Athens School of Fine Arts & Hydra 21, September 5 – 08, 2019 Deadline: Jul 1, 2019
The seminar series Exhibition Histories from the 17th century to the present and its parallel events will include presentations focused on the histories of temporary exhibitions, with an emphasis on contemporary theoretical and historical approaches to this topic. The histories of exhibitions have been attracting the interest of a steadily growing number of researchers in recent years. Today, the histories of exhibitions are recognized as significant tools for art history and have played a formative role in recent developments within the discipline.
Ridiculous prices, greedy traders, exaggerated artists: the adverse impact of today’s art market seems ubiquitous. And yet the trade is a form of social engagement with art and thus an essential condition of its existence. Talk about art and art markets originated long before there were museums. The birthplace of art trade was the Netherlands of the 17th century. While commissions by nobility and the church stagnated, the increasingly wealthy bourgeoisie was able to afford oil paintings for the first time. Following the demands of the new market, the motifs as well as the techniques changed. Histories and mythological scenes were still life, landscapes and genre images. Prices ranged from a few guilders to vast sums.
This symposium [held in German] sets the scene for the exhibition, September 23, 2017 – Jan 7, 2018. Free tickets for students are available at BKF counter in advance, but are limited.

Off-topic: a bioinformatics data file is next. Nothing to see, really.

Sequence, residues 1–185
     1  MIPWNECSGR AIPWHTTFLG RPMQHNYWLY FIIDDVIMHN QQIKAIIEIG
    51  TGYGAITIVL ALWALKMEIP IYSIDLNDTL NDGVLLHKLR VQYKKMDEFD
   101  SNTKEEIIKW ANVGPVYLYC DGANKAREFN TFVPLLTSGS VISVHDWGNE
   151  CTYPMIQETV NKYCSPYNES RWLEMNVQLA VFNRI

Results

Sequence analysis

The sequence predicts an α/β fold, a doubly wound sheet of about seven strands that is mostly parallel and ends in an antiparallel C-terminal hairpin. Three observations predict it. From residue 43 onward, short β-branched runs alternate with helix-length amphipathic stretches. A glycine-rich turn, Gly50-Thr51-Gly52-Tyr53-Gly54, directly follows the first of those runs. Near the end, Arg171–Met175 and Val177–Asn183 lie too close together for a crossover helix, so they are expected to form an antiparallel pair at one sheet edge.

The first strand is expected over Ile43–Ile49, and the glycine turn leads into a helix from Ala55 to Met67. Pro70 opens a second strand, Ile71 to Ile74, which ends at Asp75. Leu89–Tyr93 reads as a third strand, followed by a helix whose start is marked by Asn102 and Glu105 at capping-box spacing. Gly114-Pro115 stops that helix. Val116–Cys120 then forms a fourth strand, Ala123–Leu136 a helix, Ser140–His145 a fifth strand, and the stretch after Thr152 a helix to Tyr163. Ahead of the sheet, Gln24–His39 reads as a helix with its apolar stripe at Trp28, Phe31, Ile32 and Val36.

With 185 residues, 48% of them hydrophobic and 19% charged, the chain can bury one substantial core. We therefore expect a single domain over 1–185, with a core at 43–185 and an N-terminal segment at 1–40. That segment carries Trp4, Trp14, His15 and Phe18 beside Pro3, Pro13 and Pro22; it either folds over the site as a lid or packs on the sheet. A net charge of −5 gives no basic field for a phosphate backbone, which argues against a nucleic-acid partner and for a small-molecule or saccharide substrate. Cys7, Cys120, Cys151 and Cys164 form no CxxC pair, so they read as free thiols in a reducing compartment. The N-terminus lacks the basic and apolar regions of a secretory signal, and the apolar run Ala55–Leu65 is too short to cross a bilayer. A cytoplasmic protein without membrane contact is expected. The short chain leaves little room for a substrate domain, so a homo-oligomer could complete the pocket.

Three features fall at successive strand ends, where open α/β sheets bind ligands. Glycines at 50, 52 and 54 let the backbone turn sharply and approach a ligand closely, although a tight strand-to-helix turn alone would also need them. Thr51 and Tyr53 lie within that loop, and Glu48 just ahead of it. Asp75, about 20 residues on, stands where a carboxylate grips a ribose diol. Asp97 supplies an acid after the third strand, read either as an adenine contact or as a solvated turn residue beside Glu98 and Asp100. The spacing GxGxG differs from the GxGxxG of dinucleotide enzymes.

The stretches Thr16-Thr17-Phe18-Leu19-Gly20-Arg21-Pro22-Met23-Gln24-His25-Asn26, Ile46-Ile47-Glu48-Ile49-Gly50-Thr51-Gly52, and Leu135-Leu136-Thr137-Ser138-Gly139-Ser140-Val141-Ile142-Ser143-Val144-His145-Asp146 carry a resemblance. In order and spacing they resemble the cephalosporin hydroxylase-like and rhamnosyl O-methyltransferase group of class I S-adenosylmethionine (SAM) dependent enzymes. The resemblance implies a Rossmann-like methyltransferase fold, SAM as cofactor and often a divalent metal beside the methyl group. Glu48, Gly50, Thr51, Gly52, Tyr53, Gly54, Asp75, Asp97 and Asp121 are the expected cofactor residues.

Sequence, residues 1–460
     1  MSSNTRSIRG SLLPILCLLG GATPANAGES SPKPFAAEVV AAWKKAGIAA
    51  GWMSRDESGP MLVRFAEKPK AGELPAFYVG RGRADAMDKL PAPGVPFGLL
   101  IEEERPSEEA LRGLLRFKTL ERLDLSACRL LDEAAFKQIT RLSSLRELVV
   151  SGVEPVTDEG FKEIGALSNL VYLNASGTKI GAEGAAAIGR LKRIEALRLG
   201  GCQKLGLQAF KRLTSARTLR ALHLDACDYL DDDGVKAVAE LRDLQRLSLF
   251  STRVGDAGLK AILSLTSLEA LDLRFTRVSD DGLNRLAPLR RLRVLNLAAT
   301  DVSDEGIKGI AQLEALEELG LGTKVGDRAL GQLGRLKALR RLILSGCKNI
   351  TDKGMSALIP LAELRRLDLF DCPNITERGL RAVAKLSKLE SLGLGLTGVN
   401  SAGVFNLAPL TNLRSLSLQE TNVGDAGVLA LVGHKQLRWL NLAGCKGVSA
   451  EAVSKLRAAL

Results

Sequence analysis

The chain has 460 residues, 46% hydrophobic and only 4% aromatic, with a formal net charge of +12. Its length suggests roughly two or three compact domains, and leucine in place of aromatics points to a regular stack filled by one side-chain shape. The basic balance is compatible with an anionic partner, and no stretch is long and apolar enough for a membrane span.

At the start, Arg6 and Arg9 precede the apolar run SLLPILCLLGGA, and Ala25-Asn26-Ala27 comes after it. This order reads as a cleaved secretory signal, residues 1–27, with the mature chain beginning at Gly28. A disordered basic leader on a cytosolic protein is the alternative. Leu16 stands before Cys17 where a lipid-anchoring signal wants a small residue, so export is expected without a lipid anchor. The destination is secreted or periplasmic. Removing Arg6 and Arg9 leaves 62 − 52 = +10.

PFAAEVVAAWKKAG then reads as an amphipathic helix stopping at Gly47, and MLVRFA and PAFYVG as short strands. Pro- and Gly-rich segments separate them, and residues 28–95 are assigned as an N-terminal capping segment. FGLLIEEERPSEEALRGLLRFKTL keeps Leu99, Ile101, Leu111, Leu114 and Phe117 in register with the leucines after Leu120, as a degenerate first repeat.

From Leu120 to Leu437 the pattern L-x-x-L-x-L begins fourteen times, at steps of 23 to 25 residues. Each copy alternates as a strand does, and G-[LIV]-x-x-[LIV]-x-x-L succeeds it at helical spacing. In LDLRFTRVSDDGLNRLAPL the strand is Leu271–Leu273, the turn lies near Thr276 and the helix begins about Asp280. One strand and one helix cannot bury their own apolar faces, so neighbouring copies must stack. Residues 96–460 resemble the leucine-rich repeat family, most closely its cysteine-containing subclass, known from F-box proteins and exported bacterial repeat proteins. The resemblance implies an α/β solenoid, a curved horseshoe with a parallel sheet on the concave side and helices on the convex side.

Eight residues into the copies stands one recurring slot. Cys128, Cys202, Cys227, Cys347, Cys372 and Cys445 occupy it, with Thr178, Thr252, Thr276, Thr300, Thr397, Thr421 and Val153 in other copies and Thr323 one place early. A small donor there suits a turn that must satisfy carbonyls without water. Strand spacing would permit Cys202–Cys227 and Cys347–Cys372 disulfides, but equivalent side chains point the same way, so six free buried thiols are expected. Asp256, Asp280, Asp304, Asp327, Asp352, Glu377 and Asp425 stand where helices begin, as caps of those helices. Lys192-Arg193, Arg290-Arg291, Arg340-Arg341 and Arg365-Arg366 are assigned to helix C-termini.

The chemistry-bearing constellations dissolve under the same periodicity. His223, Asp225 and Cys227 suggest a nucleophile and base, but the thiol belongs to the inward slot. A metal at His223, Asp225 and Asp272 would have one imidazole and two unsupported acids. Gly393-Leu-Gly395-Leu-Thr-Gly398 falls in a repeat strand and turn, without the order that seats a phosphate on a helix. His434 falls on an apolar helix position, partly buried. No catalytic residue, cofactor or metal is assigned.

Sandra van Ginhoven, Connecting Art Markets. Guilliam Forchondt’s Dealership in Antwerp (c.1632–78) and the Overseas Paintings Trade, Studies in the History of Collecting & Art Markets I, Christian Huemer ed., Boston (Brill) 2017. ix, 288 pp., 71 full color ill. ISBN 9789004319745; E-ISBN 9789004334830
Sandra van Ginhoven’s Connecting Art Markets. Guilliam Forchondt’s Dealership in Antwerp (c.1632–78) and the Overseas Paintings Trade is an ambitious and valiant book. The result of doctoral dissertation research conducted at Duke University under the auspices of Hans J. Van Miegroet and Neil De Marchi, the study is a beautifully argued analysis of the commercial activities and strategies of pivotal Antwerp art entrepreneur Guilliam Forchondt (1608–1678) between about 1643 and 1678. It explores and explains the entrepreneurship of this chef d’enterprise in an unassuming, highly effective and pioneering manner. Continue reading “Brosens, Koenraad, review of Sandra Van Ginhoven’s ‘Connecting Art Markets’”→